Giving myself that time to wallow in my self-pity was more damaging on my self-esteem than the rejection letters (or lack there of) entirely. It's great to ask yourself questions, find out what you could be doing better because you can learn from that, but you mustn't dwell on what couldn't be because there's something better waiting for you on the horizon.


Figuring out where I was going wrong was what helped me to grow. I've been applying for digital marketing roles. Something I think will satisfy both my needs to be creative but also strategic and purposeful about my creativity. I have a degree in Art and have been marketing this blog for over 3 years, so that makes send, right?

Wrong. I learned very early on that "experience is more valuable than education." Employers appreciated that you studied hard to learn your stuff but they wanted to see that you can apply what you know, successfully.

So apparently, this fun space on the internet that has grown from nothing, wasn't adequate experience. It wasn't with a company who could vouch for knowledge. Even though you can see it, in black and white in front of you. Weird.

But, I understand.

So I went out, enrolled in a Social Media Marketing course online and proceeded to send out emails asking various industries to take me on for work experience. Ok so I haven't done so well job hunting in the past, but I figured out where I was going wrong, then learned from my past failures and moved on.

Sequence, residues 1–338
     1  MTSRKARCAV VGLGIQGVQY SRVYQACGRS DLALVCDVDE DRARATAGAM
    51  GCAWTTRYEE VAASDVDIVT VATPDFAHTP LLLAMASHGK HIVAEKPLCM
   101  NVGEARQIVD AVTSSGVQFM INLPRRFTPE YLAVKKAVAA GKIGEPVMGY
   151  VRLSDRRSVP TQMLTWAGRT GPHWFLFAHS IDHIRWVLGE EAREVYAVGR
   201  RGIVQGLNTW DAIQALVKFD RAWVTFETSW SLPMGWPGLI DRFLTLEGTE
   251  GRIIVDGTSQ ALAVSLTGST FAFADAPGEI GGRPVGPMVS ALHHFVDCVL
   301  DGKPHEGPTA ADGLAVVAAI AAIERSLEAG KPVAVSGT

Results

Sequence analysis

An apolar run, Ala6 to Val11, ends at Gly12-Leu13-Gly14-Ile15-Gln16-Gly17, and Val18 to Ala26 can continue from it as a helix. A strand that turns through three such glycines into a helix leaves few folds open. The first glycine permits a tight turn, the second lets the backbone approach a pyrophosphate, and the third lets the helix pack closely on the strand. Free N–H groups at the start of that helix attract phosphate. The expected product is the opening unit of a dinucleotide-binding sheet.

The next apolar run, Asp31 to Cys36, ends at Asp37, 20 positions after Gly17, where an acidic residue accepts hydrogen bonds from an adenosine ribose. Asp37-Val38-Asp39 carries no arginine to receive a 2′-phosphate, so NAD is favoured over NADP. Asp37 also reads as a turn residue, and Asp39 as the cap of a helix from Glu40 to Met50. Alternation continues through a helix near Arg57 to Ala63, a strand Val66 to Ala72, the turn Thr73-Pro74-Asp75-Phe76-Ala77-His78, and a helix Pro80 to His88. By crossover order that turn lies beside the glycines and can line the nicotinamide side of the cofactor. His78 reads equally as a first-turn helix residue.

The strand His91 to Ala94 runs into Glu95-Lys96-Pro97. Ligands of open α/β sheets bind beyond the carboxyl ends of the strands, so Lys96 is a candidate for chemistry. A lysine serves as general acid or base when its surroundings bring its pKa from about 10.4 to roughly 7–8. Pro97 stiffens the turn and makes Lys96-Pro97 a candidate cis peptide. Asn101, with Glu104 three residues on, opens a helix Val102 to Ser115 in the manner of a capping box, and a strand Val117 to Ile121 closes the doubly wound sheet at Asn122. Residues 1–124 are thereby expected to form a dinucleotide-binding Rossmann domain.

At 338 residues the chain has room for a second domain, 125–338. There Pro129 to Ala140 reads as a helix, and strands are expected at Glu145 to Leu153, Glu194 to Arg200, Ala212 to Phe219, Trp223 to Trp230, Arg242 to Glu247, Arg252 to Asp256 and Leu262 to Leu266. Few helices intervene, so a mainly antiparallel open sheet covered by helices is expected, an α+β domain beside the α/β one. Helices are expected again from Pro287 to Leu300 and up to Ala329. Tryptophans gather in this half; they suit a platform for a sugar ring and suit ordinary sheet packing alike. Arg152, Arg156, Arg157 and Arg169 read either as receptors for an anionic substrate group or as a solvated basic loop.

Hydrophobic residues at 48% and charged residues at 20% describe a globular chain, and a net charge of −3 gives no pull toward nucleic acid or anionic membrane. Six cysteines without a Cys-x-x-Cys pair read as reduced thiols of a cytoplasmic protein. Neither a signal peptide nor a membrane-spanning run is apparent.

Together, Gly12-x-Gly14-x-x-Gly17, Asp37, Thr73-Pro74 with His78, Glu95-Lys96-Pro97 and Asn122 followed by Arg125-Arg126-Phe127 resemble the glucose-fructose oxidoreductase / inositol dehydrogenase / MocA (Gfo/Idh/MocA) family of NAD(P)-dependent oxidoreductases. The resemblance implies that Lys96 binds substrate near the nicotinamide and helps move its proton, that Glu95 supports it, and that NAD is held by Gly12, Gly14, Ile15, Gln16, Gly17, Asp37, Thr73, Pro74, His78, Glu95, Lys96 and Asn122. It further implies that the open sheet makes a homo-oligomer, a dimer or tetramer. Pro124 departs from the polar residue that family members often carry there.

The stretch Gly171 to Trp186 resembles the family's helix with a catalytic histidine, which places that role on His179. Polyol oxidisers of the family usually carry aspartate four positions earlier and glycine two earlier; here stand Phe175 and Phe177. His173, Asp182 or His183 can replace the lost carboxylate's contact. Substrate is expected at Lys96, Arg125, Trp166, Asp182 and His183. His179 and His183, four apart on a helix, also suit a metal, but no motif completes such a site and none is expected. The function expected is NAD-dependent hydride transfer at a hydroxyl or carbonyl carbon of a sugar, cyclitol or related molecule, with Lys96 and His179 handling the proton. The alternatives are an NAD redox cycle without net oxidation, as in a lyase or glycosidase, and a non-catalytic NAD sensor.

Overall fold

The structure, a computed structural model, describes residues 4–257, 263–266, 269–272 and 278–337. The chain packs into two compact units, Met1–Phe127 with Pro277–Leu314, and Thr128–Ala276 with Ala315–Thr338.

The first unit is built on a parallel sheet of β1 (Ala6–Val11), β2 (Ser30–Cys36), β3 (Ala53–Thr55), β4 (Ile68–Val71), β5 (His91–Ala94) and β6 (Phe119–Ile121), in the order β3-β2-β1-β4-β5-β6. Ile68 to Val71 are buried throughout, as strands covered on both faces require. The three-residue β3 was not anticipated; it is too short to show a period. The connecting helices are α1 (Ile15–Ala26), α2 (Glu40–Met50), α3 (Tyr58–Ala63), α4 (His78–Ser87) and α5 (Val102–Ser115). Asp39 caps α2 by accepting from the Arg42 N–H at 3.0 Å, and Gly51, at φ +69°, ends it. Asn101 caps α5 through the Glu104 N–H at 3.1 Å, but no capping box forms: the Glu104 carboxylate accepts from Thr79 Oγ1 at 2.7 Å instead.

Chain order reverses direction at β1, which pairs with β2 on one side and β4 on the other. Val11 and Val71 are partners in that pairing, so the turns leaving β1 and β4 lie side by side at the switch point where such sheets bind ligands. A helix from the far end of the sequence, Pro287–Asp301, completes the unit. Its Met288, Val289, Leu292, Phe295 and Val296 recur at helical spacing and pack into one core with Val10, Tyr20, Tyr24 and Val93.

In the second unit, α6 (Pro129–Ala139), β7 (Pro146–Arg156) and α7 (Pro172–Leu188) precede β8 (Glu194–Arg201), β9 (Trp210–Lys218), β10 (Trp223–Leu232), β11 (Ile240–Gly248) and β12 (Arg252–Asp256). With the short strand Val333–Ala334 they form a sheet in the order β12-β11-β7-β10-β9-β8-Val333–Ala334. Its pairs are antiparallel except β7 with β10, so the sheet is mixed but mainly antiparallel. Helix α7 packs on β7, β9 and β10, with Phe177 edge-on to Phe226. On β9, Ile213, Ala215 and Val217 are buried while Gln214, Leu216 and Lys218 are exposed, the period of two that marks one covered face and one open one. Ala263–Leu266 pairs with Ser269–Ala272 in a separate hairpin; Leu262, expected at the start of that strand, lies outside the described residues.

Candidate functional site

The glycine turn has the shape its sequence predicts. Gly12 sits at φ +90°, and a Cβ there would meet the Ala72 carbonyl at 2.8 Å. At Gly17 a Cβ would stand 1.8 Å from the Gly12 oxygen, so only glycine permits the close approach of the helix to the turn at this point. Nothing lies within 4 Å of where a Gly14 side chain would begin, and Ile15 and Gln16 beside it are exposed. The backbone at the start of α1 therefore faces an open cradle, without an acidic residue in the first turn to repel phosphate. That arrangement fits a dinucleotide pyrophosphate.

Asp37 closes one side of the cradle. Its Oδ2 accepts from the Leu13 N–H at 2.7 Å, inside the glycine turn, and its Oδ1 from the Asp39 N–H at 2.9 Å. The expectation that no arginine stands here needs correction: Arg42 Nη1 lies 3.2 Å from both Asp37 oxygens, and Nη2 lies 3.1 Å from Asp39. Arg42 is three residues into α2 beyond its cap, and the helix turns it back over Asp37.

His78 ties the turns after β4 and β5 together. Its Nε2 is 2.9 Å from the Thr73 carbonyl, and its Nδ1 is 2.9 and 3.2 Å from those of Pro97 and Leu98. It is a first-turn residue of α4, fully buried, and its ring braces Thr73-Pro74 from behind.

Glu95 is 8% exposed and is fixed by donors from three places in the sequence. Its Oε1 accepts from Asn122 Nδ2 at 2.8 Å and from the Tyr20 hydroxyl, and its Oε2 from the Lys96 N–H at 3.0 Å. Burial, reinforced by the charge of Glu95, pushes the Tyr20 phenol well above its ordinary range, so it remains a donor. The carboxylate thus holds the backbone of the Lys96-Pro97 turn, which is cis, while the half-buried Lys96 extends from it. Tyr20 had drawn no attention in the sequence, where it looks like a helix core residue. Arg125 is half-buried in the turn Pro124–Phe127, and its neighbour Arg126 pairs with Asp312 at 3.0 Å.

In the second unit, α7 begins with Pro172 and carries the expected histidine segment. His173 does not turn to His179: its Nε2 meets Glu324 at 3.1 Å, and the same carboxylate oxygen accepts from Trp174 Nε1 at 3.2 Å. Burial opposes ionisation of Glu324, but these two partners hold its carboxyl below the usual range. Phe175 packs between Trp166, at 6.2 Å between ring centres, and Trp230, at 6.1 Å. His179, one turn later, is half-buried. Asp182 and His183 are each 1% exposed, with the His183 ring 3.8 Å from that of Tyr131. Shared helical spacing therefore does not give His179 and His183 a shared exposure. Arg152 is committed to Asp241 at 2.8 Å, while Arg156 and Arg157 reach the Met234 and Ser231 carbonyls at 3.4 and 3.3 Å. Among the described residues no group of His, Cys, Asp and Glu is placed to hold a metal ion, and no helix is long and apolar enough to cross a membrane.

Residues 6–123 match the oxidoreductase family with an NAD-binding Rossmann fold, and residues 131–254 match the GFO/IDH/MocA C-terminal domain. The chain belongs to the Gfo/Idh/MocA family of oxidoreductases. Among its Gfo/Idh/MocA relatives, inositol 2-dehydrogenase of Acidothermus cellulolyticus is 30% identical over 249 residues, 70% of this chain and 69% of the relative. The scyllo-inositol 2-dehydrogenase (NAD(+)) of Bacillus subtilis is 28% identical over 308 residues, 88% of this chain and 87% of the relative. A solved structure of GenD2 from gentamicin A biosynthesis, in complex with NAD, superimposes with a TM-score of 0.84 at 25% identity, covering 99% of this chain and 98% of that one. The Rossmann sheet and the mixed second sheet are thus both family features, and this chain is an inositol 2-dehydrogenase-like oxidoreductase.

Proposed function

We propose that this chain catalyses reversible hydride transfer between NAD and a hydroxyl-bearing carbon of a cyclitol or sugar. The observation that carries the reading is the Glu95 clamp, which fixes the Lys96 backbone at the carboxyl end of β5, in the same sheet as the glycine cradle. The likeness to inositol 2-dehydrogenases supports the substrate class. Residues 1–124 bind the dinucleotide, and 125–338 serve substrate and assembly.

Don't forget the past. It sounds ridiculous, right? But I've been through this all before. Maybe it would have been less painful this time around, had I remembered how I tackled it back then.

A couple years ago before I got promoted to my current position, I was fed up with my employer and how I was treated, even with veteran service to this company. I sent off hundreds and hundreds of applications, with unique and individual cover letters over a couple month span. I then got beaten down and demotivated when I heard nothing back. This time around, it's like de-ja-vu.

You can't forget the past and not expect to repeat it! Learn from your mistakes and never make them again...


And here I am now, on the 22nd October editing this post which I wrote weeks ago to try and motivate myself. To get me out of that post-interview failure funk and finding new opportunities again. After spending a month or so in my drafts, I've rediscovered this beauty and how much it helped me to finally find today. So what better time, than to share my news...

I GOT A JOB! I got a job in the industry that previous interviewers told me I wasn't qualified for. And for one of the biggest company's and brand's in the world.

So take this as your primary example that you should not live your life worrying about what has happened in the past or things that might not happen in the future. We must learn from what has happened and let it lead us to the positives waiting to be discovered in the next chapter.

Follow your dreams, live your life and most importantly, believe in yourself!

Love always,
Melissa